Key Features of REMIT

REMIT’s key features are five:

  • REMIT bans market manipulation3 and insider trading4 and requires disclosure of inside information;5
  • market participants who trade wholesale energy products in the EU are required to register6 and to report transactions and orders to trade to energy regulators (resulting in huge amounts of data being submitted daily); and to keep a record of such transactions/trades;7
  • the implementation of these prohibitions8 and setting of sanctions is at EU Member State level;9
  • the EU Agency for Cooperation of Energy Regulators (“ACER”) receives the data concerned and centralises the monitoring of EU wholesale energy markets, notifying suspicious behaviour to the relevant National Regulatory Authorities (“NRAs”);10 and
  • NRAs prosecute the market abuses and impose sanctions.

Prohibition of Market Manipulation (REMIT, Article 5)

There are four categories of market manipulation under REMIT: (i) false or misleading transactions; (ii) price positioning; (iii) transactions employing fictitious devices, deception or contrivance; and (iv) dissemination of false and misleading information.11 REMIT also bans attempts to manipulate the market.12

The key points are six:

First, the prohibition applies wherever a transaction or order to trade in wholesale energy products takes place, if there is EU impact. So, even if a trader is based in Geneva or New York, the EU rules may apply.

Secondly, REMIT applies to contracts for the wholesale supply and transmission of electricity and natural gas delivered in the EU (and to final customers with important consumption capacity – i.e. at least 600 GWh per year) and related derivatives (insofar as not already caught by MAD).

Thirdly, REMIT applies to the manipulation of physical supplies and the manipulation of exchange trading. REMIT is concerned with practices to manipulate supply from pivotal facilities at peak times to raise prices and trading practices familiar to financial law (like “marking the close” of a trading window) to manipulate the reference price for a derivative on a collateral market.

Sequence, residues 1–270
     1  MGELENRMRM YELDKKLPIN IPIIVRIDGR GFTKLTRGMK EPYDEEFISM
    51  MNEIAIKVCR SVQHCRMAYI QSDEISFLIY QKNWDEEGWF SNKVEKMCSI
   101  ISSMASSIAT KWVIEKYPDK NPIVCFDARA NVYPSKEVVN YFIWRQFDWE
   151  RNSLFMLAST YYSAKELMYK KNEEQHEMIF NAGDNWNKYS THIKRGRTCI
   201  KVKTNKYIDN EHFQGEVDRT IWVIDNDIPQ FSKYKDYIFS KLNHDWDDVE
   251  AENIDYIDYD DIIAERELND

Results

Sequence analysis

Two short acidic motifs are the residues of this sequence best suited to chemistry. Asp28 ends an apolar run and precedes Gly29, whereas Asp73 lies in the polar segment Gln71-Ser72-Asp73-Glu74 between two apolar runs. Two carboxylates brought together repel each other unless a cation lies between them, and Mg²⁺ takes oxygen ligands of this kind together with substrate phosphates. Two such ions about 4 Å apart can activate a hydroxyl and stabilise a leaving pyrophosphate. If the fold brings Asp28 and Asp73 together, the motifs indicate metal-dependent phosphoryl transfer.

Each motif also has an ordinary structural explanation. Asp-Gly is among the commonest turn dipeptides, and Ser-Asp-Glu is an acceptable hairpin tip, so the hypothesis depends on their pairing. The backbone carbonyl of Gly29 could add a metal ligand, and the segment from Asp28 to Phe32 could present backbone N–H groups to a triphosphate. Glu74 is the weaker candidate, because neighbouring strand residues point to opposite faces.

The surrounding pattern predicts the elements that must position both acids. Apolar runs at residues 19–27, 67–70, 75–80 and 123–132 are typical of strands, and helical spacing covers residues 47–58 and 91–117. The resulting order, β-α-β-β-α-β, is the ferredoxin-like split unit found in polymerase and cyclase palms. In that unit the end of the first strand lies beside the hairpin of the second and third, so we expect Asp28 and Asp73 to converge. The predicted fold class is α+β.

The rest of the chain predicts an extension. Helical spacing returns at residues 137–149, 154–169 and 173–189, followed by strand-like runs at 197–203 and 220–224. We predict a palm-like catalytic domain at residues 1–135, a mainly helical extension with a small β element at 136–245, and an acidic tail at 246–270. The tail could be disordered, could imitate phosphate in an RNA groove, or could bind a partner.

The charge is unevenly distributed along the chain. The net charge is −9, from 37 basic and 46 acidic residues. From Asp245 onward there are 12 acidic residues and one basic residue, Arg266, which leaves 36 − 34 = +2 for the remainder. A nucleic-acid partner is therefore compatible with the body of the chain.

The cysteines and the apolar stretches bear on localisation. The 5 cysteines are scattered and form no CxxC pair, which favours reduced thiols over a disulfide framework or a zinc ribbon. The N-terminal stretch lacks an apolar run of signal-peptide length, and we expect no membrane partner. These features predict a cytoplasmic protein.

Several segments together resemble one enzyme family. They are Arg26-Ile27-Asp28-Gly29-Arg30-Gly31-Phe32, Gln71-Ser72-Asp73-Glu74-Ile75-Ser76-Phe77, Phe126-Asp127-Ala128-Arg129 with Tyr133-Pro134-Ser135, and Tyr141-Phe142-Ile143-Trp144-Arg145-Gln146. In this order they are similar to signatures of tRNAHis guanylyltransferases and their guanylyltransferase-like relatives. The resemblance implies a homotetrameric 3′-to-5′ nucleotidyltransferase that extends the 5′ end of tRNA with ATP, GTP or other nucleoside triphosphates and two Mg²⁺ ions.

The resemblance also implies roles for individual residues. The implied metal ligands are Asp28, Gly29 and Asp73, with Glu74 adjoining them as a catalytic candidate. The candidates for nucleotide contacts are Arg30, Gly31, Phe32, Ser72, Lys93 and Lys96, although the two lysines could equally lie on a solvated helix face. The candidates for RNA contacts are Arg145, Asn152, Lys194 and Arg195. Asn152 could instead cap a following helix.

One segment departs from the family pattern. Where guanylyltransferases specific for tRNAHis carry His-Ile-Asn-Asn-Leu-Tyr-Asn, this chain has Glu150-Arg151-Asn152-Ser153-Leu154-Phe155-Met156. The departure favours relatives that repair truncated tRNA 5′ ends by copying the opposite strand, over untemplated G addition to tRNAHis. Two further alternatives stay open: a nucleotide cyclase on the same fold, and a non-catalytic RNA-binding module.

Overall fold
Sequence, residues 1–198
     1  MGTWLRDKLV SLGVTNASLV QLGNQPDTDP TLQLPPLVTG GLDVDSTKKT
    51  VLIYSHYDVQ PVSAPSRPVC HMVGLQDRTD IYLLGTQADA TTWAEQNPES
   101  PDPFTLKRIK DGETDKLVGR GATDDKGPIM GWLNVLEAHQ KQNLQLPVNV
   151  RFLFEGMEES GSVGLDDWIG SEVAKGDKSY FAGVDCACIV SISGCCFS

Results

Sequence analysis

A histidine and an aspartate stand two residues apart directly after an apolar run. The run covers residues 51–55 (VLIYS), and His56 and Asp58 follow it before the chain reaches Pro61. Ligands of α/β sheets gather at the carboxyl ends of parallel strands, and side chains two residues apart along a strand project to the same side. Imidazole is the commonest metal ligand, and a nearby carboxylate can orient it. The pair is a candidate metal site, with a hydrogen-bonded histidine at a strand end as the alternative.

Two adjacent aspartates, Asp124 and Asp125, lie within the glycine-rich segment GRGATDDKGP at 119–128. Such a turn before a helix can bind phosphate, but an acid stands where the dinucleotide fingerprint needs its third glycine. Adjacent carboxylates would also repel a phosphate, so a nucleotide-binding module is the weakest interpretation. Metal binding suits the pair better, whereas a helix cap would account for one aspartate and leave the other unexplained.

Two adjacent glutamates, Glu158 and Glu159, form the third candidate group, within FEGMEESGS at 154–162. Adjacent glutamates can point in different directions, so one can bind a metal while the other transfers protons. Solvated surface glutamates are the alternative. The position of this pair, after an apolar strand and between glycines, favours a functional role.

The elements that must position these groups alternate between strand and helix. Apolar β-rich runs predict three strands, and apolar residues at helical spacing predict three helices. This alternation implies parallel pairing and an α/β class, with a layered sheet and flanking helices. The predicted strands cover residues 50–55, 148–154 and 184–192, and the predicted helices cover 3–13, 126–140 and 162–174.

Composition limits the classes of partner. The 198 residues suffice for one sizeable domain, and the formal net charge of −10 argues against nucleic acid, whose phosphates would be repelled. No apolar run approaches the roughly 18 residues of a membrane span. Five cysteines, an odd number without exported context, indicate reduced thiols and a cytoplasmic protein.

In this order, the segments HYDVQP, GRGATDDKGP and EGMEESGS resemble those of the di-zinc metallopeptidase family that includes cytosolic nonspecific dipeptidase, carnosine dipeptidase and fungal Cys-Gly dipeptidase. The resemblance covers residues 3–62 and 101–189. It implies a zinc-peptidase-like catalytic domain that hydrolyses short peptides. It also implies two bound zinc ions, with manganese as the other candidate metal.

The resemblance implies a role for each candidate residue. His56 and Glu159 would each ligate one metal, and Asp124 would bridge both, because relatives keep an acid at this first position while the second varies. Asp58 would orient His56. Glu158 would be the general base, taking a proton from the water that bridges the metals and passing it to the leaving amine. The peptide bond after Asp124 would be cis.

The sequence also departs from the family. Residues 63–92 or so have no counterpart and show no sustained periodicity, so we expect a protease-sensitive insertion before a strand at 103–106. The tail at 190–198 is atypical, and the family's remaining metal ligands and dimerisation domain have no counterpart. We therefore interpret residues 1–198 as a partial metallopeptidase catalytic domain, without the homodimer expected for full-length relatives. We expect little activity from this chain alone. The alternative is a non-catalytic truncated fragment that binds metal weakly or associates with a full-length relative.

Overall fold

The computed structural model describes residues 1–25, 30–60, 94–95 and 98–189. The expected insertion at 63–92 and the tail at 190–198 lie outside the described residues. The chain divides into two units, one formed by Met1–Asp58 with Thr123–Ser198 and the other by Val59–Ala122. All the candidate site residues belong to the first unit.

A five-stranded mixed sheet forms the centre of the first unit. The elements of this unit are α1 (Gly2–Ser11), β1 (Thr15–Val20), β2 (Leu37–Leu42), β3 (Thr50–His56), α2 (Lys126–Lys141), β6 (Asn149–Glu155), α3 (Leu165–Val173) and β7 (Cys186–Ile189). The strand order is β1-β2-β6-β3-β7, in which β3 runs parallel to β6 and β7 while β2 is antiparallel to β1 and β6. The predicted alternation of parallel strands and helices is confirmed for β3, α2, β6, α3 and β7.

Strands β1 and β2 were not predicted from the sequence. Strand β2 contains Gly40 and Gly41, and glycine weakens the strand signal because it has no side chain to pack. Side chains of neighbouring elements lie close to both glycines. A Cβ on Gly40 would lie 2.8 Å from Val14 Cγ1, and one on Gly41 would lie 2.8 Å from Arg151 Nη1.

Fourthly, for market manipulation in EU law, a manipulative act is required, typically a transaction or other act which secures prices at an artificial level. However, attempts to manipulate are also caught, in which case no actual effect has to be shown.

Fifthly, for market manipulation, generally intent does not have to be shown (except for attempts to manipulate). However, in practice intent is still highly relevant insofar as it may be an integral part of showing that an act was artificial or not.

Sixthly, market manipulation is a strict standard. Notably, EU regulators consider that even erroneous trading (through a malfunctioning algorithm) could be caught if it gives, or is likely to give, false or misleading signals (see here).

Role of ACER

ACER is based in Slovenia. ACER plays a key role, not only by monitoring EU markets and by notifying suspicious behaviour to the relevant NRAs, but also by publishing guidance for NRAs on market manipulation. It has published general guidance on REMIT. It has also recently published detailed guidance on two categories of market manipulation: